All posts tagged: university of arizona

For Want of Time: The University of Arizona’s Shift from 2 to 3 Years

Image: JR P About a year a half ago, when I first started talking to my undergraduate writing teachers about applying to MFAs, I recall saying: “I’ll go to a two year program, because that’ll mean less time out of the job market.” The professor smiled, from the corner of his mouth, like he was prone to do when someone wasn’t quite right, but he liked their efforts. He said, “What’s three years, if you’re already going to be there for three years?” I was younger then, more focused on five-year plans than realizing what kind of growth I needed to make as a writer. Maybe I didn’t realize the value of time until I actually started my MFA, when I saw the changes in my writing, just from being in a program for a few months. But time is really what so many writers are chasing after, hoping for just an hour between responsibilities to jot down the ideas from last night’s dream, this morning’s shower. For many of us, this is why the …

Raquel Gutiérrez Introduction (University of Arizona ’18)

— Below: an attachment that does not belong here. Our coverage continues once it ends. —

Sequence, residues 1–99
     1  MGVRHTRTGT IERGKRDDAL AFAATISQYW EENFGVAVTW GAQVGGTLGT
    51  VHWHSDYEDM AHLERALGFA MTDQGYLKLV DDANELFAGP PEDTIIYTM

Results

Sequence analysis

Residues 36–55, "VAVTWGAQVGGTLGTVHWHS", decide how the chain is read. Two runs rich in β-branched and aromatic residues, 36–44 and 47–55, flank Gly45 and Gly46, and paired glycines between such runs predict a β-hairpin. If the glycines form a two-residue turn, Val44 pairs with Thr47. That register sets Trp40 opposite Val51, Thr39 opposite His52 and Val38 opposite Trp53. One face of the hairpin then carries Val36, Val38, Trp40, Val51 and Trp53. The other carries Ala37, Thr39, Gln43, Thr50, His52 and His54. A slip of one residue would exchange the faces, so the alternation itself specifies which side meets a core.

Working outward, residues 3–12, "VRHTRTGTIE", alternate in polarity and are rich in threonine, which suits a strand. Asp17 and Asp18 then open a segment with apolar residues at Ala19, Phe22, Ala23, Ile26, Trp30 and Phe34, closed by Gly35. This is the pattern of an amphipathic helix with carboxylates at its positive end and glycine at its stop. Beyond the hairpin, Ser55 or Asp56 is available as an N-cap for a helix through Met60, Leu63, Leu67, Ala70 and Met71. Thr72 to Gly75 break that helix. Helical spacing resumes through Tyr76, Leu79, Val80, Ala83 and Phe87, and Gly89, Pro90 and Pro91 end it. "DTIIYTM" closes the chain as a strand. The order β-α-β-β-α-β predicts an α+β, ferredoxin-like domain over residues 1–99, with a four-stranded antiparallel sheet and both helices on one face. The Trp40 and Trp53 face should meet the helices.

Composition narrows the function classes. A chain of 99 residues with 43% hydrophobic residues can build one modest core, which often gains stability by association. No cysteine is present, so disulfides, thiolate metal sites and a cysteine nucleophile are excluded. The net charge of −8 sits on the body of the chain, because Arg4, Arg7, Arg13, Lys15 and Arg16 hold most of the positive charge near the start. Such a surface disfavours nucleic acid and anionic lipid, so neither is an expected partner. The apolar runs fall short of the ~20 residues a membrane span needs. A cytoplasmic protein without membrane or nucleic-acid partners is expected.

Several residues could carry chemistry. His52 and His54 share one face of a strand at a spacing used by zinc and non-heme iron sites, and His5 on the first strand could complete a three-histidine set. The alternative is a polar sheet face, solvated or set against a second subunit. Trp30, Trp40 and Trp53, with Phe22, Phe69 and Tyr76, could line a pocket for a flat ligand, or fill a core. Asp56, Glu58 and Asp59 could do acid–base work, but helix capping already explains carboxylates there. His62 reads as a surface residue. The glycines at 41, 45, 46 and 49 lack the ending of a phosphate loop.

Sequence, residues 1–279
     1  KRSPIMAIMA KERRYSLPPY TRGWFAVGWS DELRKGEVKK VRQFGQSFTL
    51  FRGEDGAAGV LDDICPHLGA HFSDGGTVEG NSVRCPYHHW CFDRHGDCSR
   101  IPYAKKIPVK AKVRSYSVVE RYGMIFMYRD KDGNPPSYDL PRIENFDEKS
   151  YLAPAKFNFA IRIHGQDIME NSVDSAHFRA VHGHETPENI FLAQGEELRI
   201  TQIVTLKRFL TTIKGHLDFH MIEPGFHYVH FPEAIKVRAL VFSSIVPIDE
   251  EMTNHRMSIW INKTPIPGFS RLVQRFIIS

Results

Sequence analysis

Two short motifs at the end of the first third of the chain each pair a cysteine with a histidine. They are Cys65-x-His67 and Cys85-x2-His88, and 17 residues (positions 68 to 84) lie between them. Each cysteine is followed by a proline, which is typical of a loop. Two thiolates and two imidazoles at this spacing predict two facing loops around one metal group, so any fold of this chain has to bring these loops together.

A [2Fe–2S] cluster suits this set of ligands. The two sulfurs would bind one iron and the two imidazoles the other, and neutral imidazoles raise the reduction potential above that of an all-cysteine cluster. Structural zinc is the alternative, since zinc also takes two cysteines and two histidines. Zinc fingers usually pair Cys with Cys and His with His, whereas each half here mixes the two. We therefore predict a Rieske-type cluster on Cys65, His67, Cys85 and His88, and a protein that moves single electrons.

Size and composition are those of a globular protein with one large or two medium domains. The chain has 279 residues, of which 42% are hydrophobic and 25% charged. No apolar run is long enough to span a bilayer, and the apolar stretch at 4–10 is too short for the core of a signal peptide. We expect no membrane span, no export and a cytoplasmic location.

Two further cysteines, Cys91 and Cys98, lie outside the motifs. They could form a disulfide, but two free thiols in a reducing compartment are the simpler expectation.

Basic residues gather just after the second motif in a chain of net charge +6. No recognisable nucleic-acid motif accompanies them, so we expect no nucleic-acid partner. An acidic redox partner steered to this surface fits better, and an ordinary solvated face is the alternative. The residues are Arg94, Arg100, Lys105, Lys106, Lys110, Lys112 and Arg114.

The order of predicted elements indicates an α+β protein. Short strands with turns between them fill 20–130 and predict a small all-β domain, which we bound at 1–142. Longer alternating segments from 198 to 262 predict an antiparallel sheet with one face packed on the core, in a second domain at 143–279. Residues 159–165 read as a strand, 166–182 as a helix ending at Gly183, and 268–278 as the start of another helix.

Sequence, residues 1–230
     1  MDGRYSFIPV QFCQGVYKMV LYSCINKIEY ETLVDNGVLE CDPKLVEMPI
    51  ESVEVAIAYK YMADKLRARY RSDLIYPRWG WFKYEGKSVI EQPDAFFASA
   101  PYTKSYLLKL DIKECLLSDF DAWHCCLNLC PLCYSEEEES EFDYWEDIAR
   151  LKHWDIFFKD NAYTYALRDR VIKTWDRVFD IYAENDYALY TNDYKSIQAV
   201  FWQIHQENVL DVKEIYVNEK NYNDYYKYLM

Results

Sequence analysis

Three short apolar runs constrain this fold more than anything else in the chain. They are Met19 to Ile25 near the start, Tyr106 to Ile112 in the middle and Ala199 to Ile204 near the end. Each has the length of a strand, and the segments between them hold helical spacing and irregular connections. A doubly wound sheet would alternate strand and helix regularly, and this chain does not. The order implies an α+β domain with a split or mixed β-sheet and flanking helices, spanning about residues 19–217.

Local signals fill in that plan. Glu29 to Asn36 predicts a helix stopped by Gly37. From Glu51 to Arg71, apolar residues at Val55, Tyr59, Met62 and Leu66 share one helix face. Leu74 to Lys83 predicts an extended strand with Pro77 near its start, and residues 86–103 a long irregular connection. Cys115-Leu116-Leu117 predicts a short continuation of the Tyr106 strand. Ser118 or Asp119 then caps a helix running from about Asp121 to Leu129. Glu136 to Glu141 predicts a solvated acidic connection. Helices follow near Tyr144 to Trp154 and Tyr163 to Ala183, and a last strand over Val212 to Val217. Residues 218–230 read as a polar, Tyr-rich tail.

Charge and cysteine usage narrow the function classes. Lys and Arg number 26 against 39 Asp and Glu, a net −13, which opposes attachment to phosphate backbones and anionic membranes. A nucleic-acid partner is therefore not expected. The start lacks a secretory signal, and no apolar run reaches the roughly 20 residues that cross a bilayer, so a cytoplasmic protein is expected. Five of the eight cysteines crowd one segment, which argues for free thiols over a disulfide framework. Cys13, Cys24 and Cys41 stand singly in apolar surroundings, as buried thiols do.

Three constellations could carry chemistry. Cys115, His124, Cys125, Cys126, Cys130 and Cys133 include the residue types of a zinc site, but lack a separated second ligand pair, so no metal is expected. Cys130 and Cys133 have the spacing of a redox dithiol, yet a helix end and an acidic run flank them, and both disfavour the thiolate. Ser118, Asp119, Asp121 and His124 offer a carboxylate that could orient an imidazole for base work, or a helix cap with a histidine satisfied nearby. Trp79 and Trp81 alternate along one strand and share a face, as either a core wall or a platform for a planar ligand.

Desire as Salve: Healing and the Institution I visit the institution today for the first time. Today I make and receive my first impressions. I meet the other members of my genre cohort. I then meet the fiction and non-fiction writers. We are all orienting to the culture where we will be teaching and receiving opportunities to deepen our relationships to our genre’s craft. They are lovely, my future colleagues, my present collaborators. You have no idea. So many relationships are constituted through the institution and it’s important for me to do my part in practicing a mindful desire for kindness and vulnerability. This whole experience is predicated on my ability to produce exhibitions of vulnerability that will carry my work forward as well as inform my receptivity as a reader of my colleagues’ work. It is important to me to set these intentions and to assimilate them as a working mission statement to return to whenever I feel demoralized. For I have often been demoralized by the institutional context I have placed myself in …